Security Architecture - From Zero to Hero: Part 1
Security architecture refers to a unified security design that addresses requirements and potential risks involved in a certain scenario or environment. It also specifies when and where to apply security controls.
Traditionally, and to the pain of security and technical teams alike, security tends to be bolted-on to any new solution. Changes, usually “urgent”, require that security controls are placed ad-hoc on a company’s estate, in order to meet the requirements of a particular project. Budget constraints and short timelines are usually quoted as the reason why a more holistic approach can’t be taken that would suit the security needs of the organisation, as a whole, in the long term.
The result of this?
You end up with a mismatch of tools and processes, which are a nightmare to monitor.
Security architecture will be the cornerstone of all subsequent solution implementations, whether cloud or on-prem, so getting it right first time, or as close to right as possible, will make for a more stable, more secure and more manageable estate, where change can happen quickly and with minimum adverse effect to performance and functionality.
Although security architecture will not be the same in every organisation, the factors to consider as input for shaping it, usually are:
Business requirements is an item that is often overlooked, however my golden rule for some time has been “security is there to enable the business”. There is no point in implementing great security controls if they cause the business to fail.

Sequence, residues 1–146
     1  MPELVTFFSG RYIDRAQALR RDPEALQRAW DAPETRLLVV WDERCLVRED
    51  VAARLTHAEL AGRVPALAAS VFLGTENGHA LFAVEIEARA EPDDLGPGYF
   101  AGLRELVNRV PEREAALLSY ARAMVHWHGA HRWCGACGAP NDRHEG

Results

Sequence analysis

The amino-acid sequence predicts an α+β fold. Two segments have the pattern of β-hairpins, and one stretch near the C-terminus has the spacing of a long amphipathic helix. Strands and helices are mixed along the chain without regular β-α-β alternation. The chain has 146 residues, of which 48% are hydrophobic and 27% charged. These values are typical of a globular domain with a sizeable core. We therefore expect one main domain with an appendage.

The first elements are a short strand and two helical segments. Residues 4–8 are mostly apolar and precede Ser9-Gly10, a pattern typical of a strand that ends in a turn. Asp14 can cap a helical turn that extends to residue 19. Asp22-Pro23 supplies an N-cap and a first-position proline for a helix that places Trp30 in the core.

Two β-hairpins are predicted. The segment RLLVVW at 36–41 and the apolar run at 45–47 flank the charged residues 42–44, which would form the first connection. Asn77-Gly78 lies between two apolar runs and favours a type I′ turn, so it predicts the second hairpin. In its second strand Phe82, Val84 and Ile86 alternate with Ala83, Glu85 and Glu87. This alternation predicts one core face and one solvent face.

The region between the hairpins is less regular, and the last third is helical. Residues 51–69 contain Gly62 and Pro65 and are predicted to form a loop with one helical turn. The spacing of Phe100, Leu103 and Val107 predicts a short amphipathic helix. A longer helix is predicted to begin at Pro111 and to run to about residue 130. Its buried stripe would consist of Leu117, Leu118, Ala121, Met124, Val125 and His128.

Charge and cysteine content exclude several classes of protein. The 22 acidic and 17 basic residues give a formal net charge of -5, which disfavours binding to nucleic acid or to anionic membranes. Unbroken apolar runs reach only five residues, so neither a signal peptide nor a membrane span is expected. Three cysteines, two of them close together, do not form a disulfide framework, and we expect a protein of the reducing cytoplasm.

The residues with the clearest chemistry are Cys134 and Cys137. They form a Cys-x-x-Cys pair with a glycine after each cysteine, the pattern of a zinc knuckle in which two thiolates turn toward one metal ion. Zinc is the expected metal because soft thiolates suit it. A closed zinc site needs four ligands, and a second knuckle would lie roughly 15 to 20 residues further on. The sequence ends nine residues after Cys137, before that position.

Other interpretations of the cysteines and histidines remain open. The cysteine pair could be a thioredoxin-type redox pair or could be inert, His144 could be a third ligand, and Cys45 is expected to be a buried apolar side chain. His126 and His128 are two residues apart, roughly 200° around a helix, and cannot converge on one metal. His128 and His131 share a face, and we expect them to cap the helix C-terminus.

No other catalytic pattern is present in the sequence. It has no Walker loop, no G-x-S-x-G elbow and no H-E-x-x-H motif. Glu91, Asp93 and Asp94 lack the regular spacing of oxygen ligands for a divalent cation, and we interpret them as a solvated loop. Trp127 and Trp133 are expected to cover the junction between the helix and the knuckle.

Enterprise architecture is another contributing factor, as a security architecture should align with the overall enterprise architecture. In most organisations, one would more than likely be in place, but potentially undocumented. It may be challenging to have something in writing if the organisation is not known for its good documentation, but it is imperative that you get that.
Both the business requirements and the technology architecture are items for which you’ll need to liaise with other business units, technology and otherwise.
Laws and regulations: GDPR, PCI-DSS, SOX etc. – these can vary widely depending on your country of operation
Standards and certitications: SOC2, ISO, NIST
Alignment with ISMS: Ideally your ISMS framework is implemented in a way that aligns with your chosen standard (e.g. ISO 27001). If not, it’s time you review and update your ISMS. At the end of the day, your ISMS is the FULL SET of policies, standards, and technical and physical controls that protect the CIA of your company’s information.
A lot of these will dictate your chosen security architecture framework: SABSA, TOGAF, Zachman, DoDAF (DOD architecture framework). That is if you go for one. Though open frameworks are considered “tried and tested”, what they do is they provide a guideline for planning and designing your security architecture. It does not necessarily mean you need to follow one in order for your architecture to be successful, and all-encompassing. Exposure to various security disciplines, a good head on your shoulders, genuine interest in security and hours spent on research, will probably have the same effect.